WOOSTER — Chuck Murzda was disappointed that the World Taekwondo Jidokwan Federation didn’t require him to test his eighth-degree black belt.
“I tested all the time to the seventh degree“Murzda said. “This time they said they researched me and my reputation preceded me, so I didn’t have to test. We’ll just promote you, they said.”
For someone who has worked hard for everything he has achieved, Murzda said, he did not expect such an easy path to his latest milestone in taekwondo.
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Still, he trained hard in the Korean form of martial arts for more than 40 years to reach such a high level, and the 58-year-old said it would take him about nine more years to achieve the ninth degree status.
Not bad for someone who was usually the smallest kid in his class growing up in Youngstown, graduating from high school at 5 feet, 2 inches and 110 pounds.
Murzda said he started taekwondo at 15 because he was bullied and needed to protect himself. He didn’t grow much after high school, going 5-4 at one point, and is now 5-3.
Because his family didn’t have much money, Murzda said he had to walk several miles after school to attend a taekwondo school and several more miles to continue doing club gymnastics, which he said he started when he was 12 because it was the only sport where his height was not a factor.
Then he had to walk home in a tough neighborhood late at night, Murzda recalls.
“You start fighting to avoid bullying and when you start winning fights you become a target and people want to beat you,” said Murzda, who then added with a shake of his head: “It bothers me that I had to fight in high school.”
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As he teaches his students at his martial arts academy in Wooster how to fight, he doesn’t want them to fight.
“There’s so much more to martial arts than fighting,” he said. “There’s discipline, patience, perseverance, respect and going beyond what you think you can do.
“There are a lot of mental things in martial arts,” he added. “Those are the things you really learn with marital arts – finding out what you’re capable of, what kind of person you are.”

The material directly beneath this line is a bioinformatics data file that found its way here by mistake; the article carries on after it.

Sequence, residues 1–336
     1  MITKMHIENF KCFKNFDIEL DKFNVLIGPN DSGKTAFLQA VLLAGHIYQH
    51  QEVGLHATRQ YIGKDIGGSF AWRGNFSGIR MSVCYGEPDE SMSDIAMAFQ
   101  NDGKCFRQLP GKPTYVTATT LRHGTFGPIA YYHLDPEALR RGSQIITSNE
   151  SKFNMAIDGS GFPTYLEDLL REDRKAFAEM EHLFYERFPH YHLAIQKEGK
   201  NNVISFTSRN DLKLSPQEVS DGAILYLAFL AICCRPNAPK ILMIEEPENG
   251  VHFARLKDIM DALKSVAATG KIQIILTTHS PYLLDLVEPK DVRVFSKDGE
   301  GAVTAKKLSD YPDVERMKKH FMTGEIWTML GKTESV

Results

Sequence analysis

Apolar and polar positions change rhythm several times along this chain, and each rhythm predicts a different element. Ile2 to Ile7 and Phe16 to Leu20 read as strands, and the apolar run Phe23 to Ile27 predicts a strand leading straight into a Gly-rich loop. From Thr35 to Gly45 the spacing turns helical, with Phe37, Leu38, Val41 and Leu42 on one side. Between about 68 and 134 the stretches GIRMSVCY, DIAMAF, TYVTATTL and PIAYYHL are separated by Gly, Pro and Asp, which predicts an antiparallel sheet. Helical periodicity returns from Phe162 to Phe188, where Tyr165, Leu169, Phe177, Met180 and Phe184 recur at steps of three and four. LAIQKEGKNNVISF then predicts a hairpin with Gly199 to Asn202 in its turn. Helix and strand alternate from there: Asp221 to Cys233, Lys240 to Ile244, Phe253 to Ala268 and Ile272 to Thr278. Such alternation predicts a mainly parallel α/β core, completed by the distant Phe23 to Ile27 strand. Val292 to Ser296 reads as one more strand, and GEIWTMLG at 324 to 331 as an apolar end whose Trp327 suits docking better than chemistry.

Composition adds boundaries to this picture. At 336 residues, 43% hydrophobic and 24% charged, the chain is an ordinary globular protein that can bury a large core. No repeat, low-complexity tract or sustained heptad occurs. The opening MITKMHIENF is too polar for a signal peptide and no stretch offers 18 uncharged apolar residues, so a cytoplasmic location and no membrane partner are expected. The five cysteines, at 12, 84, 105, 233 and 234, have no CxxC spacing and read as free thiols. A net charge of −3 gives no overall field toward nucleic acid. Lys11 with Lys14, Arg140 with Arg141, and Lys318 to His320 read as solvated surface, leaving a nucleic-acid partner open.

‘You have to work hard’ in Murzda’s martial arts class
It wasn’t easy 25 years ago when he started his marital arts school, which he named Grandmaster Chun Tae Kwon Do after his teacher in Youngstown, Grand Master Kae Bae Chun, who tested him until at his seventh degree black belt until his death. a few years ago at 87.
“The first two years were tough,” Murzda said. “It’s hard to open something new in a town like Wooster where everyone knows everyone else.”
The past few years during COVID have also been difficult for his martial arts academy. It ended up with seven students when it reopened after being closed for several months of the pandemic in 2020. He said it was slowly rebuilding and now has 39 students.
At one time he had 65 students, and over the years, he says, he has taught thousands of students, including several hundred black belts and 25 Grand Tournament Champions. Five students also became doctors, two lawyers and an engineer, along with several others who went on to successful careers, thanks to the discipline and hard work ethic he teaches, Murzda added.
“I teach traditional martial arts, which is not easy,” he said. “You have to work your butts off. Our black belts are real black belts. I’ll put my students against anyone.”
Kat Amstutz, Murzda’s assistant who has been involved with her school for about 20 years, said Murzda is both an excellent teacher and a mentor who is dedicated to the martial arts.
“He was always passionate about passing on his knowledge and skills to the many students he had and continues to have,” Amstutz said. “Not only does it cultivate comprehensive taekwondo practitioners, but it also helps people improve.”
Started teaching martial arts part-time while working at Bob Evans
Before starting his martial arts academy, Murzda worked as a manager at Bob Evans in Wooster. After graduating with a business degree from Youngstown State University, Murzda began working for the restaurant chain, traveling from Virginia to Maryland and finally to Wooster, where he decided how much money to eat. he earned for the hours he worked (about 70 hours a week), wasn’t worth it.
He decided to try his passion for teaching martial arts. He continued to teach taekwondo part-time while working at Bob Evans.
“I just fell in love with teaching and making a difference in people’s lives,” he said. “There is so much more than the fighting aspect to taekwondo. There is understanding and self-confidence, learning to get along with people, learning to diffuse a fight and learning to walk away when you don’t. don’t have to fight.”
Not only does Murzda plan to continue teaching while working toward his ninth degree black belt, but he also plans to earn the rank of 10th degree, which few achieve only after a lifetime of dedicated service to the martial arts, often after their dead.
“I’m going to do this until I can’t anymore,” he said smiling, then stopped and added, “until I’m dead.”